The second section of the book covers a very varied period of Shute’s life including his pre-war activities with Burney, the war itself, his flight to Australia and back and his growing disillusionment with England.  Thorn binds this all together with the thread of Shute as the professional novelist starting with Ruined City and ending with A Town Like Alice.  Thorn does not try to cover the details of Shute’s work at DMWD and instead points the reader at Parallel Motion, which covers Shute’s role in some detail.  He places the novels in the context of Shute’s activities and the general circumstances of the time and also describes the other writings that Shute undertook and which, with one exception, were never published.  Although the events are well known to me the section is very readable and I found myself becoming immersed in the life of Nevil Shute (Norway) and I guess the title of the section - ‘Transition’ - is probably apt.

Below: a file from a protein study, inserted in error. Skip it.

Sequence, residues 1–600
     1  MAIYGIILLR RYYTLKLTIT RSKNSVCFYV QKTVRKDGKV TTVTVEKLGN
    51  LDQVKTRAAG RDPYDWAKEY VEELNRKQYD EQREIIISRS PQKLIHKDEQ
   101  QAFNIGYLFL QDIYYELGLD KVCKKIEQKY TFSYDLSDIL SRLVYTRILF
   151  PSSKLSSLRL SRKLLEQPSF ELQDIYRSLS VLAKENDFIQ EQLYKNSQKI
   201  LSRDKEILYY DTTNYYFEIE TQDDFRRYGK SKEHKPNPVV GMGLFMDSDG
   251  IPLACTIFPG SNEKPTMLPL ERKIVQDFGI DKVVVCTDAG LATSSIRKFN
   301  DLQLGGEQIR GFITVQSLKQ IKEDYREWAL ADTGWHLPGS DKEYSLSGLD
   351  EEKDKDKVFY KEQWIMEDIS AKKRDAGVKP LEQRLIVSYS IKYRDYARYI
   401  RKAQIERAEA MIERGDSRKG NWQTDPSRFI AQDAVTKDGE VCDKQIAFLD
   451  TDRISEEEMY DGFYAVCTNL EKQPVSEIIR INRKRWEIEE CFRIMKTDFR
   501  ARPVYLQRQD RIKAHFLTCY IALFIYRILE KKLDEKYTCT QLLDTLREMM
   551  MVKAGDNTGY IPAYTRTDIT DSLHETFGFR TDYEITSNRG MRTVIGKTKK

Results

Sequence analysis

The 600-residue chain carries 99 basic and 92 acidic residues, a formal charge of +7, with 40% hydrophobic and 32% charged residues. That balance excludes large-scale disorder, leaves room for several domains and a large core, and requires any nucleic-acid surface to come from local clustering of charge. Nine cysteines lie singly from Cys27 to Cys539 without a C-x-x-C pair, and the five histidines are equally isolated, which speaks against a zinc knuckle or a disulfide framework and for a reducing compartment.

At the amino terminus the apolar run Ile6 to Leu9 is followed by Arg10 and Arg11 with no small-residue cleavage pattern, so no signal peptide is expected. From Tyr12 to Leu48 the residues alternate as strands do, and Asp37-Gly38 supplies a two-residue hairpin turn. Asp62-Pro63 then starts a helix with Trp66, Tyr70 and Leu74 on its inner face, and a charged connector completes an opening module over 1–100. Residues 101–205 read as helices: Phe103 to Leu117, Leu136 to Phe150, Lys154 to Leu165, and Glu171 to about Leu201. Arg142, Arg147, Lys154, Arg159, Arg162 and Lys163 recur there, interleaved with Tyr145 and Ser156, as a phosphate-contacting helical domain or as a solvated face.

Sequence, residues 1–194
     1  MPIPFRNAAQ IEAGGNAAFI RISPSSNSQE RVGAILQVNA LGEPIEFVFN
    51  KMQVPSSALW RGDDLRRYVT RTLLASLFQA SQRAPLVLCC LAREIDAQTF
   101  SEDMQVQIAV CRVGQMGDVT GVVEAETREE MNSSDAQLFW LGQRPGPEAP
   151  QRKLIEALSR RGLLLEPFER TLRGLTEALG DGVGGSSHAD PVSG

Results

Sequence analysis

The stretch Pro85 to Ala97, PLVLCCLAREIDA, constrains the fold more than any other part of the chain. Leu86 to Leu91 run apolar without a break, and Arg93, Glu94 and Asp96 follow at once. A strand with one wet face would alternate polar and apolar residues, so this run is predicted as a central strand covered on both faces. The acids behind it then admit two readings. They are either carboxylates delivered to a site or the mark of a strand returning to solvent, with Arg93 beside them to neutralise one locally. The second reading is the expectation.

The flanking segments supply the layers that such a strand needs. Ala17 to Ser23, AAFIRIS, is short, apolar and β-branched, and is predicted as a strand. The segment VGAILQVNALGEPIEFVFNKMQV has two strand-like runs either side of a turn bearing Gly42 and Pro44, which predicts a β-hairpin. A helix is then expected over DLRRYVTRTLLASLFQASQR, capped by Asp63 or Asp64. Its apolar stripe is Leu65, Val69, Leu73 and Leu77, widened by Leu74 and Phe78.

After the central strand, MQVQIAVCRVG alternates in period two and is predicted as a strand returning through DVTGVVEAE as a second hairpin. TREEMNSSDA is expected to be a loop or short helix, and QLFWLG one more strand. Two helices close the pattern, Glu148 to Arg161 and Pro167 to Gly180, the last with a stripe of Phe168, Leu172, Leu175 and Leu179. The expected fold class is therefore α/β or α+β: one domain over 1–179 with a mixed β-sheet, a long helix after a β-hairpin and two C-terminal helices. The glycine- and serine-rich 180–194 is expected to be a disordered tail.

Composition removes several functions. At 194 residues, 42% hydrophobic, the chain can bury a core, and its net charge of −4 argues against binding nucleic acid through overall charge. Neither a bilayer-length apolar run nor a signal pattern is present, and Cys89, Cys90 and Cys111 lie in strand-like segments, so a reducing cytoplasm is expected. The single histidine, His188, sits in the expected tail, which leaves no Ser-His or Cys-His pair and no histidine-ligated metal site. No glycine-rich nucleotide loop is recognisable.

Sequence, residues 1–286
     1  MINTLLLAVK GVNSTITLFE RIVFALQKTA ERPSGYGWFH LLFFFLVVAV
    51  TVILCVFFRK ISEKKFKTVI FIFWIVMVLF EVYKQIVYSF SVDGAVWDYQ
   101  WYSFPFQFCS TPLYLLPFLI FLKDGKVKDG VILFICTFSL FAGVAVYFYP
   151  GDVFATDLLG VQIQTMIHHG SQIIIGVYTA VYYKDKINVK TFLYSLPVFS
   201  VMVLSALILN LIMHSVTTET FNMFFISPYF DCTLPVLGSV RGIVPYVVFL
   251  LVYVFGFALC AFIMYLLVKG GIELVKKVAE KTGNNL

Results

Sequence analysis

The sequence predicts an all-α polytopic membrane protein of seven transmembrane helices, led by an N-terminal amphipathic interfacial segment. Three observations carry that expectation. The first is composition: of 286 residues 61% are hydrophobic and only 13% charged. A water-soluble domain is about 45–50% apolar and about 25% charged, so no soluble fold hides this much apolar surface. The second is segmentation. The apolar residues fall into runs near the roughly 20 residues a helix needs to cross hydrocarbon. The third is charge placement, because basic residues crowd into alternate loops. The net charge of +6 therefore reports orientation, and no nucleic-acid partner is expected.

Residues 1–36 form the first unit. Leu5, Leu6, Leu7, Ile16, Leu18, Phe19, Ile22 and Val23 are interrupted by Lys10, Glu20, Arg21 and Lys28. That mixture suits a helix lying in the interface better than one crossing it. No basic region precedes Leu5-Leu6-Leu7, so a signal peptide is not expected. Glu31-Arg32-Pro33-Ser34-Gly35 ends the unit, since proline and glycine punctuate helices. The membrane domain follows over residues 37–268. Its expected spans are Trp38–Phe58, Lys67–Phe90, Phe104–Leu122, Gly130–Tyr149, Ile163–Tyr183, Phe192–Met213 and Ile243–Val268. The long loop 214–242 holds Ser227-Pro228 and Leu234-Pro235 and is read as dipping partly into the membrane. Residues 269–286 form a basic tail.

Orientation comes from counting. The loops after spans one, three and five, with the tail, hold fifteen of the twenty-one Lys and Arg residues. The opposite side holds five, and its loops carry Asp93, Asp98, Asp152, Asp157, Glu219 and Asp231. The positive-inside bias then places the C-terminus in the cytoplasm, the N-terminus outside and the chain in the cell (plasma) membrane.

In the final section Thorn deals with the emigration to Australia and his life there until his death.  For me this was the most interesting section where the book places into context Shute’s writing of the time and the background to many of the novels.  He has now become a full time professional novelist travelling around Australia and the world researching his books.  A theme throughout this period is his recurring health problems, however he nevertheless branches out as a ‘gentleman farmer’ and a racing driver.  Thorn develops these aspects into a seamless narrative, interspersed with reflections on the book reviews and sales figures.  Whilst the ultimate conclusion of the section could be said to be Nevil Shute’s death a certain climax is reached over the filming of On the Beach, an episode that his daughter Shirley believed had contributed significantly to his demise. Overall I found the book to be very readable particularly after the early years of his schooling and university were dealt with when I felt the book began to get into its stride.  This is probably because this is when Shute began writing and Thorn begins to amalgamate the historical events of the time, the personal details of Shute’s life and his novels and their background and impact.  I found the final section particularly absorbing and this sometimes felt rather more like a novel than a biography.  It is often said that that when reading the final lines of a Shute novel one is left with a lump in the throat and moist eyes and so it is perhaps a compliment to say that I felt a little this way at the end of the penultimate chapter when Thorn relates the death of Nevil Shute and I couldn’t help thinking ‘if only’.